EERC chief fired for ‘abusive’ actions, finances: Groenewold denies charges laid out in dismissal letter
GRAND FORKS — University of North Dakota President Robert Kelley fired the director of the school’s Energy and Environmental Research Center for being misleading about the facility’s financial situation and for creating a hostile work environment, according to university documents.
Gerald Groenewold was put on administrative leave May 5 and wasn’t given any explanation until Kelley sent a letter of cause on May 23 documenting the reasons for his dismissal. Groenewold responded with his own letter disputing most of the claims on May 28 and was subsequently fired May 30.
In his letter, Groenewold summarized how he felt he was wrongly being dismissed because of disagreements over financial issues and his personality.
“The things they’ve listed as justification, I disagree vehemently with every one of them,” he said.
Both Kelley and university spokesman Peter Johnson declined to comment. Thomas Erickson, the facility’s associate director for business, operations, and intellectual property, is now in charge until further notice.
In Kelley’s May 23 letter, Groenewold’s “inappropriate” behavior was listed as part of the reason he was fired. The letter said Groenewold called employees “stupid,” “lazy” or “incompetent” and that he threw papers, yelled, banged his fists on tables, slammed a phone receiver down and used obscene language.
“On any given day, employees do not know if it is safe to approach you, which makes it difficult to do their jobs,” Kelley wrote.
In his response letter and in an interview, Groenewold admitted to having an “intense” personality and that he had commented on the lack of competency of some UND employees, but none with whom he had power over. He also admitted to slamming his phone down so hard it quit working once in the 1980s.
“I believe that my strong personality is one of the primary reasons that I was selected for the position of EERC director 27 years ago and one of the primary reasons that the EERC has been successful throughout those years,” he wrote.
Groenewold’s behavior was never mentioned in any annual reviews done by Kelley or former UND President Charles Kupchella. Kelley also recommended a 4 percent pay raise in his 2013 evaluation.
But in the dismissal letter, Kelley wrote he “cannot continue to work with someone who has created an environment that is, in the words of EERC employees, hostile, abusive and oppressive.”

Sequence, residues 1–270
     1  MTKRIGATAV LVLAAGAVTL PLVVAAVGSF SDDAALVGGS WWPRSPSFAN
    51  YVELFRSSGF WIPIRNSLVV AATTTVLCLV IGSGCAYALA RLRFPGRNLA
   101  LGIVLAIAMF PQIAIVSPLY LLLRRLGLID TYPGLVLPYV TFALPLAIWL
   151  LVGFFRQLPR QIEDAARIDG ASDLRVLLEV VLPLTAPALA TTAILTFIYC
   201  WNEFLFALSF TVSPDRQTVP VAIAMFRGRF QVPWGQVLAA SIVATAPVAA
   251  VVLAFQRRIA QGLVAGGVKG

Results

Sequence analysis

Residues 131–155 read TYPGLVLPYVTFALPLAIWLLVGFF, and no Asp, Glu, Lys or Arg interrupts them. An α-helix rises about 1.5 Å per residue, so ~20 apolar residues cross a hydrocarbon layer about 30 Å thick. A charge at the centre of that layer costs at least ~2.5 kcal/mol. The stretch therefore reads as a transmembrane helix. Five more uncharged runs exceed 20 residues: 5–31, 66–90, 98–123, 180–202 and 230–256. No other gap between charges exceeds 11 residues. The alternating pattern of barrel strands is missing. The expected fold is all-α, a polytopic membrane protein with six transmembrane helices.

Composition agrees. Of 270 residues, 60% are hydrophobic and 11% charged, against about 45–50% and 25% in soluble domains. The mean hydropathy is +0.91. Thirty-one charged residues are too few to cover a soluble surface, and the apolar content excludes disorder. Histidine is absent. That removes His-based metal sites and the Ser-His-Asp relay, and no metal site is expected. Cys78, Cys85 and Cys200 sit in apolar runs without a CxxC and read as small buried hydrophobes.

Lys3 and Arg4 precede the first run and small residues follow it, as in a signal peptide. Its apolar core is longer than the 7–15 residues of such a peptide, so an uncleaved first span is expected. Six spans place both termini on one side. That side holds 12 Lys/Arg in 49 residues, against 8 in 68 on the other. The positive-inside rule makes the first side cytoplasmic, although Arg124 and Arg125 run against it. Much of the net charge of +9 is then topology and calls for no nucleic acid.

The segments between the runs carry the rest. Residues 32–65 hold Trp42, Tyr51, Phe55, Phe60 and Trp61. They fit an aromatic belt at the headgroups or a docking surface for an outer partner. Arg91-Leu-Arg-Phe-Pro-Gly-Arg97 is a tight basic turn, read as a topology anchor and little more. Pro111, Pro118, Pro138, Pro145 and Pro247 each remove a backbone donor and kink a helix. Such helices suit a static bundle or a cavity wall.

The letter specifically mentions he wouldn’t work with UND Vice President for University and Public Affairs Susan Walton because of her religious beliefs, which Groenewold denied. Walton was traveling and could not be reached for comment.
Groenewold said he was unaware of any UND or EERC employees being questioned about his behavior. Johnson and Kelley declined to comment.
Kelley also based Groenewold’s dismissal on claims that he was not putting in eight-hour days, engaging in nepotism by trying to hire his niece and pay her a bloated salary and not encouraging positive working relationships between EERC and UND employees.
Groenewold denied most of the claims in his letter, writing that he had “worked especially hard in recent years to further your goal of developing a better working relationship with the UND School of Engineering.”
And Groenewold said his “niece” was actually his half-brother’s granddaughter, with whom he had contact with once when she was 13 years old.
“Where that claim came from is beyond my comprehension,” he said.
Kelley’s letter also accused Groenewold of coercing employees to misrepresent the EERC’s financial situation to UND officials and to the public and said he had been “fiscally irresponsible.”
The center, which is an applied research, development and commercialization facility that focuses on efficient energy and environmental technologies, is part of UND and has been mostly self-sustaining.
But at an April State Board of Higher Education committee meeting, Alice Brekke, UND’s vice president for finance and operations, said the EERC had an operating deficit of about $1 million as of June 2013 and that even though a deficit reduction plan had been in place, it wasn’t working.
UND had supplemented the EERC with an annual $375,000 in both 2013 and 2014, but a memo written by Erickson and passed on to Kelley by Groenwold stated the center was in financial trouble.
“The EERC cannot continue to be successful under the existing indirect cost return formula,” Groenewold wrote in the memo’s cover letter.
Kelley has not taken any public action on the memo’s recommendation of increasing the percentage of income the EERC keeps and decreasing the amount that goes to UND, but Kelley said in the dismissal letter that he and Groeneworld had several conversations concerning funding and that Groenewold had misrepresented the facility’s situation.
North Dakota University System employees who have been dismissed with cause have the option to appeal to their university’s three-person Staff Personnel Board.
But that board merely makes a recommendation to the president, who still has the final say.
“The Staff Personnel Board shall hear both sides of the appeal, and after weighing all evidence presented to the Board, consider whether adequate cause the for institution’s action existed, reporting its findings of fact, conclusions, and recommendation to the president,” according to the University System website.
Groenewold said he still has time to file with the board but hasn’t yet.